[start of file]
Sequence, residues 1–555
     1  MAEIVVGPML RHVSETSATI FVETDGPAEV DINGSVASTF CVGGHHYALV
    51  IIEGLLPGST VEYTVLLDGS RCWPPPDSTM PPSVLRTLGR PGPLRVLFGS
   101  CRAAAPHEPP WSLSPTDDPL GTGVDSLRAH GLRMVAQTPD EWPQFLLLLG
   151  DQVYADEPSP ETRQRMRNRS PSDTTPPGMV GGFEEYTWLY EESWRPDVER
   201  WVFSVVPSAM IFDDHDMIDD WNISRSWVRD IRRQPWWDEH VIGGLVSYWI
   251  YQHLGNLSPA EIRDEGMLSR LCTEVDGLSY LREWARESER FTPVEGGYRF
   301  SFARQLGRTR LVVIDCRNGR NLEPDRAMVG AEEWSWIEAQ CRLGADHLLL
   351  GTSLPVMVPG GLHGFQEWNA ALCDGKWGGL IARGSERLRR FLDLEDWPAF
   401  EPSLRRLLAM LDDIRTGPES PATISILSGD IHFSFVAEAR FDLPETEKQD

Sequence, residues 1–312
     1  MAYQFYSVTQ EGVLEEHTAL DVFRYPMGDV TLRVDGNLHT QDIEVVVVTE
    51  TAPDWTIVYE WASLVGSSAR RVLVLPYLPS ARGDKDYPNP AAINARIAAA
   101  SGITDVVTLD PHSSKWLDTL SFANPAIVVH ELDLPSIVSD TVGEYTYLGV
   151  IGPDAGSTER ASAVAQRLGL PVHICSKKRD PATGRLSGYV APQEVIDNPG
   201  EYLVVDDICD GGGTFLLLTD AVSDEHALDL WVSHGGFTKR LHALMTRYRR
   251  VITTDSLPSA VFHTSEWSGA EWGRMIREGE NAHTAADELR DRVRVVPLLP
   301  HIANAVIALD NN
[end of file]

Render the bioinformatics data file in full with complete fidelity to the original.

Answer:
Sequence, residues 1–555
     1  MAEIVVGPML RHVSETSATI FVETDGPAEV DINGSVASTF CVGGHHYALV
    51  IIEGLLPGST VEYTVLLDGS RCWPPPDSTM PPSVLRTLGR PGPLRVLFGS
   101  CRAAAPHEPP WSLSPTDDPL GTGVDSLRAH GLRMVAQTPD EWPQFLLLLG
   151  DQVYADEPSP ETRQRMRNRS PSDTTPPGMV GGFEEYTWLY EESWRPDVER
   201  WVFSVVPSAM IFDDHDMIDD WNISRSWVRD IRRQPWWDEH VIGGLVSYWI
   251  YQHLGNLSPA EIRDEGMLSR LCTEVDGLSY LREWARESER FTPVEGGYRF
   301  SFARQLGRTR LVVIDCRNGR NLEPDRAMVG AEEWSWIEAQ CRLGADHLLL
   351  GTSLPVMVPG GLHGFQEWNA ALCDGKWGGL IARGSERLRR FLDLEDWPAF
   401  EPSLRRLLAM LDDIRTGPES PATISILSGD IHFSFVAEAR FDLPETEKQD

Sequence, residues 1–312
     1  MAYQFYSVTQ EGVLEEHTAL DVFRYPMGDV TLRVDGNLHT QDIEVVVVTE
    51  TAPDWTIVYE WASLVGSSAR RVLVLPYLPS ARGDKDYPNP AAINARIAAA
   101  SGITDVVTLD PHSSKWLDTL SFANPAIVVH ELDLPSIVSD TVGEYTYLGV
   151  IGPDAGSTER ASAVAQRLGL PVHICSKKRD PATGRLSGYV APQEVIDNPG
   201  EYLVVDDICD GGGTFLLLTD AVSDEHALDL WVSHGGFTKR LHALMTRYRR
   251  VITTDSLPSA VFHTSEWSGA EWGRMIREGE NAHTAADELR DRVRVVPLLP
   301  HIANAVIALD NN